With just a mic and a camera, two UF telecommunications majors are responsible for the vis-à-vis of Gainesville’s politicians and voters.
Landon Jones, a 21-year-old UF telecommunications senior, and George El-Salawy, a 21-year-old UF telecommunications junior, serve the visual and digital front of Gainesville’s political advertising. From the city commissioner race in March to the upcoming Aug. 18 Florida primaries for the November general election, their videography, which is done through their company Digital Peak Productions, is essential to a candidate’s message and to ensure outreach to Gainesville voters, Jones said.
Gainesville-born and raised, Jones’ affection for creating videos started with a camera at age 16. It began simply enough with him filming shenanigans, skateboarding and other outdoor ventures, Jones said. Realizing career potential, Jones decided to start his company Digital Peak. His first jobs included producing multimedia of The Standard student apartments and documenting weddings.
Digital Peak Productions works to advertise various Gainesville and in-state businesses. Now, a recent foray into political campaigning has stemmed from connections made by local clothing company Always True in late 2019.
District 3 City Commissioner David Arreola reached out to Digital Peak to produce reelection content for a second term after seeing videos made for Always True clothing. The clothing line's owners helped patch Jones and El-Salawy through to team with the incumbent candidate.
After their initial recordings for Arreola in early December, Jones said he believed this content to be more straightforward to the politician’s values than what they had created before with other businesses. They placed emphasis on clean editing and point-driven film direction.
“From there we connected to David’s campaign manager after doing all his videos and then ended up with seven or eight candidates that we’ve been producing content for,” Jones said about their cumulative political experience.
Campaign consultant Katy Burnett, and Digital Peak’s script supervisor for her candidates, moved Jones’ and El-Salawy’s talents to work with other then City Commissioner candidates Harvey Ward (District 2) and Reina Saco (At-Large Seat). After their successful elections, she relegated more filming to the duo for the upcoming primary elections.
Burnett is responsible for managing several democrat candidates for this election: Mary Alford for Alachua County District 1 Commissioner, Anna Prizzia for Alachua County District 3 Commissioner, Ayesha Solomon for Alachua County Property Appraiser and Yvonne Hayes Hinson for Florida House of Representatives District 20 Representative.
Filming for campaigns is typically done with candidates in outdoor Gainesville backgrounds with self-funded equipment that they have accumulated and improved, El-Salawy said. They make sure to utilize devices to equalize lighting in different settings as well as two cameras to shoot dual angles. Depending on the audience per candidate, videos may differ in length and platforms such as their website or social medias.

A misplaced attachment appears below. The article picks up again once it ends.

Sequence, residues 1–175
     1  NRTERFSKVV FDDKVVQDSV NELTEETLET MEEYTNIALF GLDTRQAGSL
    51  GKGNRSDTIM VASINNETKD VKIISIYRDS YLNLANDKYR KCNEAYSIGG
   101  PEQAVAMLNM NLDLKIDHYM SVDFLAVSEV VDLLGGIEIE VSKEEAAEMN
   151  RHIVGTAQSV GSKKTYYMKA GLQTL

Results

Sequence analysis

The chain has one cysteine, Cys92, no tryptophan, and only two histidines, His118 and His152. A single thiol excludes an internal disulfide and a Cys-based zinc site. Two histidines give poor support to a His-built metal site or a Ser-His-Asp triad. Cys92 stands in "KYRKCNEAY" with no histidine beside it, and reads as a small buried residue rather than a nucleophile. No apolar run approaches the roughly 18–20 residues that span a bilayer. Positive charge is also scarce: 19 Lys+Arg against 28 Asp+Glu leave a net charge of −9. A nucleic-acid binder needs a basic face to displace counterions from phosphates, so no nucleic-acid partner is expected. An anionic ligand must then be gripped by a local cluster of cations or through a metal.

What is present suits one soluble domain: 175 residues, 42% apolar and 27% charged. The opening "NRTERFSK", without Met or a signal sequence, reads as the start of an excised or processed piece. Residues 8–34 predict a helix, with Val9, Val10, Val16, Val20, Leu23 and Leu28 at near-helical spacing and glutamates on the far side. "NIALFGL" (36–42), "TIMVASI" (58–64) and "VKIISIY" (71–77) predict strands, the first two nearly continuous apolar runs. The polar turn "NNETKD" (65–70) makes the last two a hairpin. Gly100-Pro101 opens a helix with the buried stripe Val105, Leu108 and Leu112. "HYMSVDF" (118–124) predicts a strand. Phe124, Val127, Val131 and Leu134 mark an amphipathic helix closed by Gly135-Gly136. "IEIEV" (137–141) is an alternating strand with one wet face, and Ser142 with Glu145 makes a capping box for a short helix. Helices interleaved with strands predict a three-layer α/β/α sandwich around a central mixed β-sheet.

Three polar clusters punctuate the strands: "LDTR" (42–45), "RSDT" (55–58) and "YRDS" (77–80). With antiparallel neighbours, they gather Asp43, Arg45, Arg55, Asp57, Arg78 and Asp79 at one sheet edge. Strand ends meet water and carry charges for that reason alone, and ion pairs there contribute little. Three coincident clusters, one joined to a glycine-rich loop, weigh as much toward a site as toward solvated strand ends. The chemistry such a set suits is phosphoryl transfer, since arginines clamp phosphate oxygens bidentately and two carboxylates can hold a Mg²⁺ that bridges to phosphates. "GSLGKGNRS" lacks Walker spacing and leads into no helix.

Much of those productions are encapsulated for Instagram; social media is a path that they want to continue to create for, Jones said.
Jones’ right-hand man El-Salawy is the duo’s creative director & editor.
“He is incredible with his B-roll and his talent and his vision,” Jones said about his partner. “While I drive home the story, he can drive the visuals that you’ll see. He is the one that really creates just the beautiful imagery and pieces it all together for us to really ensure it’s a hard-hitting video.”
Pairing with Alachua County sheriff candidate Clovis Watson Jr. most recently, “When we get on set with these people, we really can see who they truly are,” Jones said. “Listening to Clovis and understanding the points he was going for, helped me to believe in him. Truly believing in them helps the edit come along because you are portraying the points you think are the most crucial.”
“We cut away to the good takes, take away the bad takes and shape and form this narrative that encaptures what they’re trying to present to their audience,” El-Salawy said. “It’s really them telling their story, how they’ve grown up, what their goals are for the community. It’s all pretty positive and pretty nice.”
Even through exploring new avenues of videography in the Gainesville political scene, Jones and El-Salawy said that they are only testing the waters. Their roots are in capturing the outdoors and they want to record what they love most as much as possible. However, Jones said his time with the candidates has given him a better respect for the values and efforts of community leaders.
“People are quick to assume nowadays,” he said. “So giving other people the opportunity to hear them out [candidates] and just myself to hear them out has helped to educate me and the people around me.”